EJToday: Top Headlines
EJToday is SEJ's selection of new and outstanding stories on environmental topics in print and on the air, updated every weekday. SEJ also offers a free e-mailed digest of the day's EJToday postings, called SEJ-beat. SEJ members are subscribed automatically, but may opt out here. Non-members may subscribe here. EJToday is also available via RSS feed. Please see Editorial Guidelines for EJToday content.
"The U.S. Environmental Protection Agency said on Tuesday it would again delay issuing a final limit on smog pollution opposed by manufacturers and many Republican lawmakers until the Obama administration has finished reviewing it."
"A federal appeals court ruling that would require Clean Water Act permitting for stormwater runoff on logging roads has sparked a political backlash, leading to congressional action and possible Supreme Court intervention."
"The Obama administration will require that vehicle fleets average 54.5 miles per gallon by 2025, according to people with knowledge of the talks. That would mark a sharp increase in efficiency."
"Sen. Joe Manchin (D-W.Va.) is more than just a supporter of his state's influential coal producers -- he's a full-fledged industry insider."
"To call the Interior and Environment spending bill the House will debate this week partisan would be an understatement."
"Government officials in the Northern Mariana Islands violated ethics rules when they handed an almost $400,000 contract to the [island commonwealth's] former Commerce secretary's new company, according to the Department of Interior's inspector general."
"A federal magistrate refused Wednesday to order the White House to provide BP PLC with emails by a former top adviser to President Barack Obama about the administration's response to last summer's massive Gulf oil spill."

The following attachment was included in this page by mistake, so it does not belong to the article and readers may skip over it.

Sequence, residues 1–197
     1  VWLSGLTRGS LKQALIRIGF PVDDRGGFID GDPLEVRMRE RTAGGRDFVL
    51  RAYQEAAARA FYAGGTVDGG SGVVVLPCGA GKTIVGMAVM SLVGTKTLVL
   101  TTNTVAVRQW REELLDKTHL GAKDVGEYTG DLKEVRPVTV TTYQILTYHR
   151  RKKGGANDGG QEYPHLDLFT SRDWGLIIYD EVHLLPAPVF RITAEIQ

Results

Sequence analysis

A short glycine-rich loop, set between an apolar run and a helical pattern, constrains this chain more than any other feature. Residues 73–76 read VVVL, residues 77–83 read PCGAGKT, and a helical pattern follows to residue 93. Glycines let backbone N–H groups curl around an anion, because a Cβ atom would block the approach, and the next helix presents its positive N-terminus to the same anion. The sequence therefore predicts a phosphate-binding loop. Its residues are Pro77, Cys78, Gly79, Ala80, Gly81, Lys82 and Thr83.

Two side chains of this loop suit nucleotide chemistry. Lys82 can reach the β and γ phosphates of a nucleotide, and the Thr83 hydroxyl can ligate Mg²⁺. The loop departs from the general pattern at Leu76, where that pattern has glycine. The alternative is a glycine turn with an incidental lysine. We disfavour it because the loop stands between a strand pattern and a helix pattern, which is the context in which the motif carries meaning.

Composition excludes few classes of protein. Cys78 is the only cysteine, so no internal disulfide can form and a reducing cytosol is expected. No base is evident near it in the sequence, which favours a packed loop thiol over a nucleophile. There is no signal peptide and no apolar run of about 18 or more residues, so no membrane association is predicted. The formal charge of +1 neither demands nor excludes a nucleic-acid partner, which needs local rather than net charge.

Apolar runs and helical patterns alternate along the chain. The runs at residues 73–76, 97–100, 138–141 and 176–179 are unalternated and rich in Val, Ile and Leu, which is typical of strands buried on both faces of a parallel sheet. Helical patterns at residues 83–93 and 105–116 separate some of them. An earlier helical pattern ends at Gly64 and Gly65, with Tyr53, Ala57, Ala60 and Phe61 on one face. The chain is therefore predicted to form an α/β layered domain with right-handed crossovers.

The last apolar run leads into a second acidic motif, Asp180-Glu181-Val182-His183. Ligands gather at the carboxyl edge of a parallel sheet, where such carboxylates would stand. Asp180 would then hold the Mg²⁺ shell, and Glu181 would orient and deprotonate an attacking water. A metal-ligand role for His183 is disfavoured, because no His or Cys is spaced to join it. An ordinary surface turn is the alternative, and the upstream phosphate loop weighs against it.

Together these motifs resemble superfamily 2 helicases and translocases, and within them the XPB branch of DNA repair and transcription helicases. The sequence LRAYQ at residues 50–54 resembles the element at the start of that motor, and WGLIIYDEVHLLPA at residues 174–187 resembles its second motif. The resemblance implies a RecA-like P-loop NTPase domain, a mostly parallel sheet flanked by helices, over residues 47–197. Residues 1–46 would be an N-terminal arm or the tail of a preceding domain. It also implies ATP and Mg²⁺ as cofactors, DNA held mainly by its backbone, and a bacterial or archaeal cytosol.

"In the face of drastic funding cuts and a hostile political environment, U.S. EPA Administrator Lisa Jackson has told her top deputies to rank which of their programs they deem to be essential and which could fall on the budgetary chopping block."
Congress created a cap-and-trade plan for air pollution from the nation's aging fleet of power plants 20 years ago. In its time, it was successful in cutting pollution, but today, tattered by politics and lawsuits, its future is uncertain.
"U.S. EPA announced Friday that it decided against a proposed rule that would have required contractors to test dust to prove the absence of lead following renovations."
"The House of Lords has taken the unprecedented step of publishing a 'cease and desist' letter on its website demanding that Lord Christopher Monckton, a prominent climate sceptic and the UK Independence party's head of research, should stop claiming to be a member of the upper house."
The president of Louisiana's St. Bernard Parish lambasted as untrue a ProPublica report that local officials -- nicknamed "spillionaires" -- had cashed in by manipulating cleanup contracts after the BP oil spill. New documents, however, support ProPublica's investigative findings, and raise questions about whether the official testified truthfully under oath before Rep. Darrell Issa's (R-CA) House Oversight Committee.
As cash-strapped local governments in Florida cut their mosquito-control budgets, the fight against a surge in mosquito populations is getting ugly -- and mosquitos may be threatening both health and economic well-being.
"Powerful business and industry groups appealed to EPA Administrator Lisa Jackson Friday to pull back upcoming smog standards, calling the rules a test case of the White House's commitment to ensuring regulations don’t hinder U.S. competitiveness."
"The Republican-led House Appropriations Committee has approved a restrictive spending bill for Fiscal Year 2012 that allows uranium mining on public lands adjacent to the Grand Canyon, prohibits funding for the U.S. EPA to set greenhouse gas standards, and exempts oil and utility companies from the Clean Air Act."